Recently DyeDiet reported similarity in the ingredients of Skittles and Blue Bell frozen confections. Blue Bell composition, in turn, was found very similar to Kool-Aid Bursts and various Kool-Aid Bursts were found identical to each other. Sadly, High Fructose Corn Syrup (watch an educational video on HFCS), citric acid, artificial flavors and dyes is what it takes to create deceptive diversity in the US beverage and candy market.
Here is another soda “clone”, Crush of DR Pepper/Seven UP, Inc. which is almost entirely identical to Fanta of Coca-Cola:
Even food dye content, high risk score and miserable nutritional values are all the same. Why the names are different?
DyeDiet DOESN’T BUY IT!
Brominated vegetable oil is much more dangerous than hydrogenated vegetable oil because it is capable for alkylation and splitting of bromide in the body. See Toxic Effects of Brominated Vegetable Oils. Besides, Orange Crush carries about 60 mg of the combined Yellow 6 and Red 40 artificial food colorants (azo dyes) per bottle. Read the Feingold Association’s report: Behavior, Learning and Health The Dietary Connection. Even Nigeria is now concerned about toxicity of the azo dyes: Toxicity of azo dyes.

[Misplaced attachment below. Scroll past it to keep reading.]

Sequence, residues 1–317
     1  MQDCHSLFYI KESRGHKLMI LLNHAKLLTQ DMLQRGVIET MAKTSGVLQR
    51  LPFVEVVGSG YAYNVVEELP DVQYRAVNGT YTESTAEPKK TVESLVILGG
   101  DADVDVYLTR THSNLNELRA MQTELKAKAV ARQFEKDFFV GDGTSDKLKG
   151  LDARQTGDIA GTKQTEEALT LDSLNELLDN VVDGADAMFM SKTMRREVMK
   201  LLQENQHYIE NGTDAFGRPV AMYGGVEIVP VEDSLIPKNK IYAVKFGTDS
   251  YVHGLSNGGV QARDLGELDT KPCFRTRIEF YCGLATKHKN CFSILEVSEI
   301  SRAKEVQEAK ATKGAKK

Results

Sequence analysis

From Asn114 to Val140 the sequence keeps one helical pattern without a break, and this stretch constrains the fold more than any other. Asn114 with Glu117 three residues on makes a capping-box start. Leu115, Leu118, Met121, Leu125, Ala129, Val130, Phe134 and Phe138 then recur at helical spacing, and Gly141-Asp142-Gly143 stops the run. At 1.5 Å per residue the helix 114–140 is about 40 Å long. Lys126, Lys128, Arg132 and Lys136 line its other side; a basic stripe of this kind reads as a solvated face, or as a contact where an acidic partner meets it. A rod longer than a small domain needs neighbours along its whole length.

Blue Raspberry? Watch this: Blue Colon at Autopsy.
Don’t be fooled, “grape” typically means a combination of Red 40 and Blue 1.
Red DyeDiet “Dyegram” points on the high risks and low nutritional value. See the diagram explanation. If you drink the whole bottle, 50 mg of Red 40 will be distruibuted in your bloodstream. Read CSPI report: Food Dyes: A Rainbow of Risks. Also read the document about UK studies in ADHD and diet link: Southampton University ADHD studies.